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Datapulse completes Tai Seng sale, but says it might restart disk drive manufacturing
THE disposal of Datapulse Technology's Tai Seng property, which housed its manufacturing activities, finally went through on Wednesday, after being scheduled for late-2017.
But Mainboard-listed Datapulse has now said it could resume its digital media storage making. While it now has no operational equipment, manufacturing staff or ongoing sales, the company said it still retains some of the necessary hardware.
It said in an announcement on the Singapore Exchange website that the former management of the company started scaling down operations in November 2017. "The company has since been progressively retrenching its staff, and dismantling and disposing part of its manufacturing equipment," it noted. But "there may be a possibility that the company could consider restarting manufacturing activities if it can find suitable premises to relocate to, although that would depend, inter alia, on how soon this can be done, and any changes to the company's business direction or strategy in the meantime".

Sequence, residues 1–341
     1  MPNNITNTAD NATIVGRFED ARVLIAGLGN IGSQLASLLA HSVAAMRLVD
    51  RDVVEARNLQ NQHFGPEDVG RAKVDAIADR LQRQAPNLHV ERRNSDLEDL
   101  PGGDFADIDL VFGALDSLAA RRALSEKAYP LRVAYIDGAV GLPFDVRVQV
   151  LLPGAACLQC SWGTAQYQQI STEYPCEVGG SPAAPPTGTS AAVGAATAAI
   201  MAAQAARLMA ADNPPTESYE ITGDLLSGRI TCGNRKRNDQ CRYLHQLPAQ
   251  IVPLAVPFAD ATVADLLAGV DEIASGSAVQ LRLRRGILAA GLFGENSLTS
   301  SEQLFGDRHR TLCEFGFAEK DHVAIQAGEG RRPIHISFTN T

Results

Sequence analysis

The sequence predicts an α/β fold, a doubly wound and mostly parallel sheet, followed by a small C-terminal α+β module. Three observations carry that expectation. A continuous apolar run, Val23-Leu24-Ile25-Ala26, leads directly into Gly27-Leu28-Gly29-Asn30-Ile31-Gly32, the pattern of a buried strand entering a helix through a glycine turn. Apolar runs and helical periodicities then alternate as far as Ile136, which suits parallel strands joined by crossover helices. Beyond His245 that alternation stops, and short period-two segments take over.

Just the day before, on Tuesday, Datapulse's recently appointed board of directors had said it believed "it is not viable or sustainable for the company to continue with its existing business as the sole or primary core business".
By "existing business", the board was referring to the manufacture of media storage products.
Datapulse shifted its registered office on Monday, from 15A, Tai Seng Drive - sold by the former management for S$53.5 million - to an office unit at 150, Beach Road. The company had sought to buy an industrial property in Toa Payoh for S$10.5 million to carry on with its disk drive manufacturing activities.
But the deal fell through.
The company said this was due to a lack of approval from the relevant authorities to use the Toa Payoh site for digital storage media manufacturing.
"There is no guarantee on how soon the company will be able to secure an alternative site to relocate and restart operations," the board said on Tuesday, "and in the event of an extended delay and/or lack of viability in doing so, the company may be faced with the prospect of not being able to continue with its existing business."
Datapulse has been riven of late by a civil war over a proposed diversification to its business.
The feud was precipitated by a new board's December acquisition of a Malaysian company that makes personal care and household products.
It most recently claimed a casualty in chief executive Kee Swee Ann, who had previously worked for the vendor in the Malaysian factory deal. Mr Kee announced his resignation on Tuesday, saying that the decision was made for his health.
Datapulse closed down on Wednesday by half a Singapore cent, or 1.39 per cent, to S$0.355, before the latest announcement.